Abstract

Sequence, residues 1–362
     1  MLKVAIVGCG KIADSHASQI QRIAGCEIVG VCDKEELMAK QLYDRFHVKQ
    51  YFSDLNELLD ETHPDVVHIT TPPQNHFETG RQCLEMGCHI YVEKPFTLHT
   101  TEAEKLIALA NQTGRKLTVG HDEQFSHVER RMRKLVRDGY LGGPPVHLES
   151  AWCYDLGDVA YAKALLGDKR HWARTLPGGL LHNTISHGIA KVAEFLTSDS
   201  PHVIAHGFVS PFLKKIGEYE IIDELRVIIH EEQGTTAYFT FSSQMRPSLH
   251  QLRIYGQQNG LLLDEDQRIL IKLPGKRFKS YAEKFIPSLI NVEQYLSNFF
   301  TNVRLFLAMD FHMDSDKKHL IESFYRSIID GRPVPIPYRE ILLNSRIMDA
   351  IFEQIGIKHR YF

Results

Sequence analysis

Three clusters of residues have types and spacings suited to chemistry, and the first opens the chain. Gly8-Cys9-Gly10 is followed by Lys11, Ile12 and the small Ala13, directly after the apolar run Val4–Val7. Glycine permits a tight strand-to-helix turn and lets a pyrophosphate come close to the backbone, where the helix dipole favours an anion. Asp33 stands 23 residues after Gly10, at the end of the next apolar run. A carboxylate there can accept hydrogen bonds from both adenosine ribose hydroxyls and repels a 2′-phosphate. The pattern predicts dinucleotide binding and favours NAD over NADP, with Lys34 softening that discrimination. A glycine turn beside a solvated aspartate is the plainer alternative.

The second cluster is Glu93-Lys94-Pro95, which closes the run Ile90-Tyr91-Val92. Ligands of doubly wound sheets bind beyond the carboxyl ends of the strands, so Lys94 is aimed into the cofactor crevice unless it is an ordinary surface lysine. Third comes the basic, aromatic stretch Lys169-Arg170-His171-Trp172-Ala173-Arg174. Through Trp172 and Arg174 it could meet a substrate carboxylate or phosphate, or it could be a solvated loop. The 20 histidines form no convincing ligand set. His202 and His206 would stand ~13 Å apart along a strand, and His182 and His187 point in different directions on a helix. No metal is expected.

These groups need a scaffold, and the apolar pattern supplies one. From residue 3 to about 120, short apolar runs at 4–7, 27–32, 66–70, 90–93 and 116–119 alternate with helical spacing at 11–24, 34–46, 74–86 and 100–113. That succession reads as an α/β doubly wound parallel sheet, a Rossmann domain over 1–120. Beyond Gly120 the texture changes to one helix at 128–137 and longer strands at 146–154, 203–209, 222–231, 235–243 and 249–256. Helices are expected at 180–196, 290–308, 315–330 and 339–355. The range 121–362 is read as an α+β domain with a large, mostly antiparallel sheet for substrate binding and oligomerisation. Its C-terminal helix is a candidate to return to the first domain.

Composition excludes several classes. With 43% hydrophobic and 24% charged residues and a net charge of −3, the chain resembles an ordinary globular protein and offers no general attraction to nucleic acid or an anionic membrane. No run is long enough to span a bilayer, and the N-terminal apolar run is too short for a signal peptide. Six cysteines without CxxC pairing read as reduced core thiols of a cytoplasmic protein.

North America provides an important test for assessing the coupling of large continents with heterogeneous Archean- to Cenozoic-aged lithospheric provinces to the mantle flow. We use the unprecedented spatial coverage of the USArray seismic network to obtain an extensive and consistent data set of shear wave splitting intensity measurements at 1436 stations. Overall, the measurements are consistent with simple shear deformation in the asthenosphere due to viscous coupling to the overriding lithosphere. The fast directions agree with the absolute plate motion direction with a mean difference of 2° with 27° standard deviation. There are, however, deviations from this simple pattern, including a band along the Rocky Mountain front, indicative of flow complication due to gradients in lithospheric thickness, and variations in amplitude through the central United States, which can be explained through varying contributions of lithospheric anisotropy. Thus, seismic anisotropy may be sourced in both the asthenosphere and lithosphere, and variations in splitting intensity are due to lithospheric anisotropy developed during deformation over long time scales.

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